I disagree with most of what you say about the top-example (the one with only the treble clefs). Just look at the manually fixed version. All the 8th notes are near perfectly equally spaced and there are no collisions/overlap between accidentals and preceding notes, proving that they don't need extra space in this case.

I'm very convinced that the way MuseScore does this is wrong. My post on Music Engraving tips was to invite other Musescorers to chime in here if they also felt this is a problem. I actually do adjust stretch with "{" and "}" to fix problematic measures this way. I consider this a manual edit, because its something I have to do after MuseScore has finished its default layout.

In reply to by BarnieSnyman

You misunderstand what I am saying about the top example. The space for the accidentals themselves is absolutely necessary, in that if there were no accidentals, each measure would only be as wide as the first, and there is not room for the accidental there. So space needed to be added for the accidental. The only debate is over whether space should have been added elsewhere in the measure. MuseScore does so not out of any specific attempt to force the spacing to be equal (I misstated that on MET) but more as a by-product of how the stretching works. Which is why reducing the stretch fixes it.

And yes, reducing a stretch is a form of manual adjustment. I just wanted to be sure you weren't laboriously fiddling with leading space or offsets on a note-by-note basis, because that shouldn't be needed.

In reply to by BarnieSnyman

I have to agree with you, necessary spaces (which means without them the accidentals will overlap something) are necessary but those unnecessary are just unnecessary. Additional spaces don't help at all in both the cases where 1) there's no accidentals at all; 2) the accidentals fit in already provided spaces.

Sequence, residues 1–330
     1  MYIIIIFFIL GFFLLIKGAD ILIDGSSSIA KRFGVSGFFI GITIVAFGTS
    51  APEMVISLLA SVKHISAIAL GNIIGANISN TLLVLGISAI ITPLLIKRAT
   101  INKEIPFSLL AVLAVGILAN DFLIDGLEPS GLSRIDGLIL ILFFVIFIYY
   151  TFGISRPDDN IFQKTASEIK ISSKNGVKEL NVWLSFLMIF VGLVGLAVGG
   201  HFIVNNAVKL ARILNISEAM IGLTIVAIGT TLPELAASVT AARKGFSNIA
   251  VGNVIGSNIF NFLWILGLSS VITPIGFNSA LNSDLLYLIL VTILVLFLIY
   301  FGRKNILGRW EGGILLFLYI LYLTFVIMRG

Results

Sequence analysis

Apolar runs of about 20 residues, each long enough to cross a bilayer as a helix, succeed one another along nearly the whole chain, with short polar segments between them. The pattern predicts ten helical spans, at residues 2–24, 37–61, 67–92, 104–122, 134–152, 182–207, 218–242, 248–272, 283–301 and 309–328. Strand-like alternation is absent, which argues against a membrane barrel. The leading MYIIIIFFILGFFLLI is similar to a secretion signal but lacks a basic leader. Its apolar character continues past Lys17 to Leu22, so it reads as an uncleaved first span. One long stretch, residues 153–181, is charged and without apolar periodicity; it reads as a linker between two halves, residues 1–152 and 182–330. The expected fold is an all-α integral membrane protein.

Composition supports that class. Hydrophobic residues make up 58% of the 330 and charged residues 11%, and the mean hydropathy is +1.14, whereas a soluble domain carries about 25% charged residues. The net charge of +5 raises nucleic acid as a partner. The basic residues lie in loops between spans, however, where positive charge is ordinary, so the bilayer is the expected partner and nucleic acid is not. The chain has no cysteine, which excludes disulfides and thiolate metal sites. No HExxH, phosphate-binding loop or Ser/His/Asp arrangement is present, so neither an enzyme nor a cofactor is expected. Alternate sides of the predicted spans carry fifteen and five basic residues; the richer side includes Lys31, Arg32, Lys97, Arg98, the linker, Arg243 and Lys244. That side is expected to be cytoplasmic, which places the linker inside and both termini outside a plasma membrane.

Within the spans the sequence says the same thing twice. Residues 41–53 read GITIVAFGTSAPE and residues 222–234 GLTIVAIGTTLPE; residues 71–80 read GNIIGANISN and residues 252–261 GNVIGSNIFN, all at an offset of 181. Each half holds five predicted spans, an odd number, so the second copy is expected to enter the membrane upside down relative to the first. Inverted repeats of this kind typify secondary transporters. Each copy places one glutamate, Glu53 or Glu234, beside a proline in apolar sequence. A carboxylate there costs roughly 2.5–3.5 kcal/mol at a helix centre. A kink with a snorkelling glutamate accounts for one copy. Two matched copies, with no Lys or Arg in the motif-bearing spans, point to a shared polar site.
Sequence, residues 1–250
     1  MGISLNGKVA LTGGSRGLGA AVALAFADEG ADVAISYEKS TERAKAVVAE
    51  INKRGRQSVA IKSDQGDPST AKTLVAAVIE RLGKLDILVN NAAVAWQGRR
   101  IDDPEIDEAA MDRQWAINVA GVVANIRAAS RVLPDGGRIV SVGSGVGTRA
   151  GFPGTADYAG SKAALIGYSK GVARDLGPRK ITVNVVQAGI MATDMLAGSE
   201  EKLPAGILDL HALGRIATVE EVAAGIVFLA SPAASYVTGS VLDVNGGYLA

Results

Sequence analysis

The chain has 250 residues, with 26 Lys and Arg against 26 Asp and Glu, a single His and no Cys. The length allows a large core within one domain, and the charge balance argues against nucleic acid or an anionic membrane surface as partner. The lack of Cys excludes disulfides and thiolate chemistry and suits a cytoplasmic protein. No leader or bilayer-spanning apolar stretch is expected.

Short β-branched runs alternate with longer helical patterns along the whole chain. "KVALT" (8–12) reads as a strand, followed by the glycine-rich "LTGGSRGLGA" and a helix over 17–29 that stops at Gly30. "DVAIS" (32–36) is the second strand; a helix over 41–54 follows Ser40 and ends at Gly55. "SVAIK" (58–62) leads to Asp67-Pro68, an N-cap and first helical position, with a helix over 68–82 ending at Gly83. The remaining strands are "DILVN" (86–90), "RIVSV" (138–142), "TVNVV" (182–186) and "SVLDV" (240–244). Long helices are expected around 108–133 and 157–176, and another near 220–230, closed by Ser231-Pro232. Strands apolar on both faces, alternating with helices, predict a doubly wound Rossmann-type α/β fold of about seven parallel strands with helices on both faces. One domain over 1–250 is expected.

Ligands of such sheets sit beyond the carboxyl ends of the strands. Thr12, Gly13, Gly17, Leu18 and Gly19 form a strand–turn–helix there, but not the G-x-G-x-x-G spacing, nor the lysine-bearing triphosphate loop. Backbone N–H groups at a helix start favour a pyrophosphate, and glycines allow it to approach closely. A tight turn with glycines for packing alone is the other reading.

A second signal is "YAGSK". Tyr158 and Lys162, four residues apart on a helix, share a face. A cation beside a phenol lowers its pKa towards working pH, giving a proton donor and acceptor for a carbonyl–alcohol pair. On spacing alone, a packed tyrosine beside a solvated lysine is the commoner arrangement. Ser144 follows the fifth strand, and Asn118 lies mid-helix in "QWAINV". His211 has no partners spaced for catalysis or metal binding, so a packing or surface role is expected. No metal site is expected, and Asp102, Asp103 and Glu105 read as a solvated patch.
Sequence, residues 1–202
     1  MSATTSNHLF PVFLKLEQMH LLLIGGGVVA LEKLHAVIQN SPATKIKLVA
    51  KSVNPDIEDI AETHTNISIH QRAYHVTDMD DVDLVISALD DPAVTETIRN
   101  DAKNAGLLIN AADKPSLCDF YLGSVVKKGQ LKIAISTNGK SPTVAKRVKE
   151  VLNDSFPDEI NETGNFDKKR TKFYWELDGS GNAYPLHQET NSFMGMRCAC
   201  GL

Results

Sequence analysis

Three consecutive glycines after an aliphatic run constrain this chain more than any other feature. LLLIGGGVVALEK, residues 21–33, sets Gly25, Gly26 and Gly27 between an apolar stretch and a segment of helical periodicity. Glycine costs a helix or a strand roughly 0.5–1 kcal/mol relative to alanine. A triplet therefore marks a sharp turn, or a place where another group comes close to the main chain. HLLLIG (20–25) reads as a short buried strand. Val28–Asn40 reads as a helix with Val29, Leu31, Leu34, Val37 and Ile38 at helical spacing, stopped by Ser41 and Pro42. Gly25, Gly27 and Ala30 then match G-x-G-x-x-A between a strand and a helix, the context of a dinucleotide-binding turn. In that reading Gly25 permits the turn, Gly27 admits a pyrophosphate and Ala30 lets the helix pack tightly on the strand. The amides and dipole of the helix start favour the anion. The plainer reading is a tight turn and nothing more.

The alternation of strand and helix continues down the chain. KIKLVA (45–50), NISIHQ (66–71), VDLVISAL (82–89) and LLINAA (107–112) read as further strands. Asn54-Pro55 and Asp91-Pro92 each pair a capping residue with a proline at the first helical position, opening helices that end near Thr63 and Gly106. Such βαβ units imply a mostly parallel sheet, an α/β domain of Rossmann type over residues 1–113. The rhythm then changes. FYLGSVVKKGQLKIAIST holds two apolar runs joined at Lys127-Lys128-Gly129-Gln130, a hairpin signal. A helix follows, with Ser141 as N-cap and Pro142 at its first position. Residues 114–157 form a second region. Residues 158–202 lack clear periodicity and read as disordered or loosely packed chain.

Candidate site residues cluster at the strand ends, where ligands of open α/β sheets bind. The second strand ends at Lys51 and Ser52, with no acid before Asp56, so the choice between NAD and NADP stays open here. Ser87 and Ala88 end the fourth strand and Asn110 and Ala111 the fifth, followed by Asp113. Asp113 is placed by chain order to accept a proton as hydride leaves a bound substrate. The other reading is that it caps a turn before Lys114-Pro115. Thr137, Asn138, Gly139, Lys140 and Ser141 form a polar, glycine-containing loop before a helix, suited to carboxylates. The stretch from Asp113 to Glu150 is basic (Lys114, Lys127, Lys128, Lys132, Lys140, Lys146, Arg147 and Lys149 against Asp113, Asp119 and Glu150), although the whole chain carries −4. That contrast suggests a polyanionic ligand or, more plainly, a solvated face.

In reply to by BarnieSnyman

There's some very interesting discussion of the topic in Music Engraving Tips on Facebook.

It seems one way or another, we need to calculate and record some additional information about each measure when first collecting it - some way of representing a "nominal" minimum width for the measure, the width it would require if not for the accidentals. Or, conversely, the amount of space required by the accidentals.

In principle, the nominal width doesn't require any complex layout calculations, it's a direct function of the number of notes and their values. After all, it isn't even just about accidentals, but also things like dots, seconds, arpeggios, falls, etc.

If we had that information, then during the stretch phase, we could compare the nominal minimum width against the actual minimum width that we currently calculate (this does account for accidentals etc). Each measure's share of the extra space to be distributed (ExtraSpace as per the MET discussion; "rest" is the actual variable holding this value in Score::collectSystem() where the stretching happens) would be reduced according to the difference between actual and nominal minimum widths.

At least, I think that would be one way forward.

Do you still have an unanswered question? Please log in first to post your question.